FORD’S FIESTA ST is one of the benchmark hot hatches of the last decade. Given a chance to drive the new-generation ST here in Australia, we were more than keen to see if it will carry the baton into the 2020s.

IN A NUTSHELL: The new Fiesta ST is a cracking good hot hatch and should be considered by any enthusiast looking for a new pocket rocket.

THE GOOD: Driver’s seating position is better than ever, lovely triple turbo motor, handling remains playful yet immensely capable.

THE BAD: Could look hotter, we miss the three-door body, some will want auto rev-matching.

Blimey, what has Ford done to the Fiesta ST? It’s now grown bigger, added a couple of doors and lost a cylinder. Has the ultimate bang-for-bucks hot hatch lost its panache?

Ford Australia likely moved heaven and earth to get this car onto our shores, so despite receiving just the one specification and body type unlike the UK’s myriad options, we should be darn thankful we’ve got one at all. And after just one drive, we are.

Anyone with even a cursory interest in hot hatches over the last five years would know that the Fiesta ST racked up more awards at publications the world over than it could fit in its boot, and so naturally it has a faithful tribe of enthusiastic followers. Now, to wipe any fear that this new-gen model doesn’t live up to the heights of its predecessor – and causing premature collectability of the old three-door – we can tell you this: it’s a ripper of a car. Though it doesn’t come without a few minor considerations.

What is the Ford Fiesta ST?

The third Fiesta ST (Sports Technologies) from Ford, this new model is a snippet of DNA from an even longer lineage of sporty Fiestas, beginning in 1981 with the Fiesta XR2. More recently, it replaces the ST based on the sixth-generation Fiesta (which left Aussie showrooms in 2018) and will be the only seventh-generation Fiesta sold down under.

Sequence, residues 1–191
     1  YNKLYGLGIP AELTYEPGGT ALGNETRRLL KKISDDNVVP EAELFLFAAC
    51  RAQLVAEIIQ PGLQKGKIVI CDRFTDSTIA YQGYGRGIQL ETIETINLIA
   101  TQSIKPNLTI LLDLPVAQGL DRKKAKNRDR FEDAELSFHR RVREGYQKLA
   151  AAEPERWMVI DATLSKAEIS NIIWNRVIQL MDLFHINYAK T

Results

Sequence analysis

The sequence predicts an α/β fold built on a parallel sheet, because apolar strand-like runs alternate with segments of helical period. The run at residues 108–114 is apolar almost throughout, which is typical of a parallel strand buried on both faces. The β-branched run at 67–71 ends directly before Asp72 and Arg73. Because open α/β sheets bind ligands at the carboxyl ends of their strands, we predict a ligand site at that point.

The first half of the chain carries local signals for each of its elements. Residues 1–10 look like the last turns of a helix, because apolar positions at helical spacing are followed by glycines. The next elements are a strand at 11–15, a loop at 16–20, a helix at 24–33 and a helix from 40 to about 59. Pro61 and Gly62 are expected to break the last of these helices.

So we have this thrummy little three-pot hatch soon to hit dealers, now with five-doors (a three-door variant won’t be offered) and in just the one guise. Interestingly, colonial Australia takes all of the good bits from the three variants on offer in the UK and puts it on our one model, which it needs to because the price has jumped out of the attractive sub-$30k bracket.

What does the Ford Fiesta ST cost and what do you get?

What turned the previous Fiesta ST from honey to gold was that despite its cracking performance you could pick one up brand new from $27,490 plus on-road costs. Times have changed, unfortunately, and the new model is priced at $31,990 plus on-roads with only two options – a sunroof ($2500), and metallic paint ($650).

But you do get some good gear. There are 18-inch alloy wheels wrapped in Michelin Pilot Sport 4S tyres, partial leather Recaro sports seats, climate control, heated front seats and steering wheel, B&O 10-speaker sound system, infotainment with Apple CarPlay and Android Auto, leather-appointed gear shift and steering wheel, automatic headlights and wipers, power-folding door mirrors, and keyless entry and start. You can also bank on plenty of safety equipment except for adaptive cruise control. And then added to all of that are parts reserved for the Performance Pack overseas that we get standard; a Quaife limited-slip differential, launch control and a shift light.